Sunday, July 12, 2009

Nice Looks at Coach Tweeting

Many probably saw this first time through, but while doing some prep work, I came across this Andy Staples on-line column at SI. He makes several solid points. One funny one about how positive thinker coaches just believe you can wish the bad news away with enough positive Tweets. The other was something that I guess I had considered, but not really seen expressed this clearly:

Finally, someone needs to fill in coaches on the concept of intellectual property. The Stewart tweet quoted above is part of a series he calls "Mountaineers Rules for Living." These rules, usually erroneously credited to Microsoft founder Bill Gates, were written by conservative pundit Charles J. Sykes. Sykes does not receive credit on Stewart's page.

We all know that coaches like to have "quotes of the day" on white boards and similar guidelines for teams in their squad handbooks. It's one thing to lift information privately for motivation; quite another to do so publicly without attribution.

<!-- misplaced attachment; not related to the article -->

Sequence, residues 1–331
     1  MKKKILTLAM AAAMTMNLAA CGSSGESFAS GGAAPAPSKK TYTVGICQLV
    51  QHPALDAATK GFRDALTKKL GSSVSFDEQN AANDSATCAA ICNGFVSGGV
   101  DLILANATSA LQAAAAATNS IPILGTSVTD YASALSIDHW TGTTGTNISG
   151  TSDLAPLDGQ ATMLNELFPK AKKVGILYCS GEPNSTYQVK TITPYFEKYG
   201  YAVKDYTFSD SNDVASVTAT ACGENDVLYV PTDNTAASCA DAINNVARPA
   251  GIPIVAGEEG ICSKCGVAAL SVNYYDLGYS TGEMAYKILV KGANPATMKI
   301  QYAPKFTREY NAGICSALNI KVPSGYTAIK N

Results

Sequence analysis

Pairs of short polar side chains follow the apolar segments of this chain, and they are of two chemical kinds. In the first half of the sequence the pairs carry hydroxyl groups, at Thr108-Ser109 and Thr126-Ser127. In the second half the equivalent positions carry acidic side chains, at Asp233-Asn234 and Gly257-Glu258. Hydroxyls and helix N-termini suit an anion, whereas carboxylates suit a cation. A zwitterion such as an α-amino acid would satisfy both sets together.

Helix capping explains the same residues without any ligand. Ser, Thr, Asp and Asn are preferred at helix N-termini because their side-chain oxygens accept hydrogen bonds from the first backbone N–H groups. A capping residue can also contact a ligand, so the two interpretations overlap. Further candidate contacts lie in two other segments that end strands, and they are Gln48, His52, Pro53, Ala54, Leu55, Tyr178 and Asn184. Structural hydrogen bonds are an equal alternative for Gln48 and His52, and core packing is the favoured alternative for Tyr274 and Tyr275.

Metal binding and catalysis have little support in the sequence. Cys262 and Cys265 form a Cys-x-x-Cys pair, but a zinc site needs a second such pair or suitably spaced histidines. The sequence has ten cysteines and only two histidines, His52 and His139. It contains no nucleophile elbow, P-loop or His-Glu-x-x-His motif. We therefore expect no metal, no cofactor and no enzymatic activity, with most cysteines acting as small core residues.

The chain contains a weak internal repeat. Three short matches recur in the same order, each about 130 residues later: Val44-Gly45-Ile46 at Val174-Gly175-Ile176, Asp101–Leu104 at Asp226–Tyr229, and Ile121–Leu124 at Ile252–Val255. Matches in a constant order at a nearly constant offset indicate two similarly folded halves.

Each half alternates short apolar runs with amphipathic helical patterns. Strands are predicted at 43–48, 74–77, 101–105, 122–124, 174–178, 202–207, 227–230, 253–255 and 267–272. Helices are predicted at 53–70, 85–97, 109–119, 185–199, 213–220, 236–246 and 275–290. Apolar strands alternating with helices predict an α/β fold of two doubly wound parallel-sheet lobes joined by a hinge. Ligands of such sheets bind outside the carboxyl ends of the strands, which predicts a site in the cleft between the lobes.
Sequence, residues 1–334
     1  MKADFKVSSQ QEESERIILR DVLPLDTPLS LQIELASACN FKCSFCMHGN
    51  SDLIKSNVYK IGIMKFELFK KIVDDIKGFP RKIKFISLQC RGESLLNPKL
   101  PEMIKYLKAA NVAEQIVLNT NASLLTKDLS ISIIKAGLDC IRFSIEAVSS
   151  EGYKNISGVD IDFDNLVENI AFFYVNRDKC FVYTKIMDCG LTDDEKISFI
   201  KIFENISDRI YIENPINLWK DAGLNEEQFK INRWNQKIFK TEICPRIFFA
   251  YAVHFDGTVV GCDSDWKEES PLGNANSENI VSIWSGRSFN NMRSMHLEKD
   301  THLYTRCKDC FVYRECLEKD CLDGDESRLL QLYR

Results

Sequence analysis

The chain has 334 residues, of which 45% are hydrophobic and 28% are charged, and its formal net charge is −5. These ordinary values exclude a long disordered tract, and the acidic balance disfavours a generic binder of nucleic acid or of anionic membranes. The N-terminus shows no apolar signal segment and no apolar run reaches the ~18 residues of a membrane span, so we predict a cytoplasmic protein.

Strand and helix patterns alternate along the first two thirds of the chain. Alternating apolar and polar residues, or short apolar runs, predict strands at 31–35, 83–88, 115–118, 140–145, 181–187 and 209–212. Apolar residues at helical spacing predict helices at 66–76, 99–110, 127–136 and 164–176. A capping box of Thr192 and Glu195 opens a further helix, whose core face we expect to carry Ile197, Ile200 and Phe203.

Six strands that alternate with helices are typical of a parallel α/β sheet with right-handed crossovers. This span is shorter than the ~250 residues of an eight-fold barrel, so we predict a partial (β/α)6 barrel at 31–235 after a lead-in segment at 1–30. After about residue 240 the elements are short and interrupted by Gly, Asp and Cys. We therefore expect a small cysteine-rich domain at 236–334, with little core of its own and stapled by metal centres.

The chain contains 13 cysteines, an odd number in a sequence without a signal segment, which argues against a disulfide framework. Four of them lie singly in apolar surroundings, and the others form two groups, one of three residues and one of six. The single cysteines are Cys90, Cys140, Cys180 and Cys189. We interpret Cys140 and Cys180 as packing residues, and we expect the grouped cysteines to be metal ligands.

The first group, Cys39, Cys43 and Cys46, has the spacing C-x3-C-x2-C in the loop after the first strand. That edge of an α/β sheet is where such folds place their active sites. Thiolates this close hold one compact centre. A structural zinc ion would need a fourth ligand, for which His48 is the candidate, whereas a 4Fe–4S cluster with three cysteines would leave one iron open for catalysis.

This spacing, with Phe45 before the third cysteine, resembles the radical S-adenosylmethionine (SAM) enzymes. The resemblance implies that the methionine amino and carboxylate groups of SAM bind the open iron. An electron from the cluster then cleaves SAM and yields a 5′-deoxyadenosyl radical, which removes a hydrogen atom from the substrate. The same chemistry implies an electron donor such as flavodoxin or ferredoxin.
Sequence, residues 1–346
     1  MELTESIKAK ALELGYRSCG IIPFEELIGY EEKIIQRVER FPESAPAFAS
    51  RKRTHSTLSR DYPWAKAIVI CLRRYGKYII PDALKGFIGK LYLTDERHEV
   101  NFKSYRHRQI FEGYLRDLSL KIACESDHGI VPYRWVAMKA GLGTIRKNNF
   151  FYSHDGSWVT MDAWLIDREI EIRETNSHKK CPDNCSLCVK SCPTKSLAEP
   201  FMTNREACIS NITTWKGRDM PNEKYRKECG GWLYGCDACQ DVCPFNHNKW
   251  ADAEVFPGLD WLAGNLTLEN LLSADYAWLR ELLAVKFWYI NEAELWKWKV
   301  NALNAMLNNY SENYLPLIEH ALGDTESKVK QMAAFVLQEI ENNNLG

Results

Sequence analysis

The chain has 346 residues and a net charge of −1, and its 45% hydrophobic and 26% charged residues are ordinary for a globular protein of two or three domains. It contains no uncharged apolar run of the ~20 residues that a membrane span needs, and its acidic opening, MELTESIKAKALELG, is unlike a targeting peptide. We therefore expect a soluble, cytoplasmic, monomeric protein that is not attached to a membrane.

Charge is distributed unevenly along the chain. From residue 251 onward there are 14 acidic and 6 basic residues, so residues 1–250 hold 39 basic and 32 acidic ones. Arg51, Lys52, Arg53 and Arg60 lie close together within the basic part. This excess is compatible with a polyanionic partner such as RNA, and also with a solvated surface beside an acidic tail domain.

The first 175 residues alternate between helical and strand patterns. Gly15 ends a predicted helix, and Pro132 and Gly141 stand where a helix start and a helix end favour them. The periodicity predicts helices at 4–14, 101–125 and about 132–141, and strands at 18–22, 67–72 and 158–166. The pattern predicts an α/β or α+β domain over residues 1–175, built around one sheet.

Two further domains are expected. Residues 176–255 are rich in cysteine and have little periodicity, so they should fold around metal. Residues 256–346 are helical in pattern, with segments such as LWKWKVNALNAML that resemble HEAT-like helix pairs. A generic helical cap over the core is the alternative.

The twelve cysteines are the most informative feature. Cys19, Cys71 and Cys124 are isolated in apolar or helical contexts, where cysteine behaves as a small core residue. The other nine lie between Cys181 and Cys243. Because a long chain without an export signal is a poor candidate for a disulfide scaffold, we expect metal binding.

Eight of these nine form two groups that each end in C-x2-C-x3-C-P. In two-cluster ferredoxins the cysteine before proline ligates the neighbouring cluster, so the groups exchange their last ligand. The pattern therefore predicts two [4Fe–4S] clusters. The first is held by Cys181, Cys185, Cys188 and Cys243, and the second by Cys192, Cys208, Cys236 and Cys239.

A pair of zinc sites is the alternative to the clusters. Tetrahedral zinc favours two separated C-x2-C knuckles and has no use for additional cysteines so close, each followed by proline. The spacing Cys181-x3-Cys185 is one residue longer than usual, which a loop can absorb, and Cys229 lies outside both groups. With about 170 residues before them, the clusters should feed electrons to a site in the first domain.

I think when our student-athletes do it, they call it plagiarism.

Dan Levy over at pumped out a more recent look at the Twitterverse, and finds it wanting for the most part. He does remind us of a growing problem, noting Pete Carroll of USC:

But fans follow coaches just in case they break some actual news, like Carroll did when announcing the hiring of a new basketball coach at his school before the actual school did.

Reminds me of the guidelines I put into place back in 2000 regarding the proprietary information of the department -- the stuff that once was called "Transactions" in old AP-speak -- could not be released on personal websites. Ah, remember those bad old days when you needed a kid with some programming skill to tell the world she was "retiring," or to let all his friends and followers know he was done with school and headed to the NBA.

Just a Facebook entry away these days.

1 comment:

Christy Hammond said...

With just how easy it is for an intern or fan who overheard something to send out a message on Facebook or Twitter, I find it amazing when some signings (college or pro) or trades (pro) occur without rumors popping up about it.

It certainly makes it harder for teams and athletic departments to keep announcements secret until the day the info is actually supposed to be released.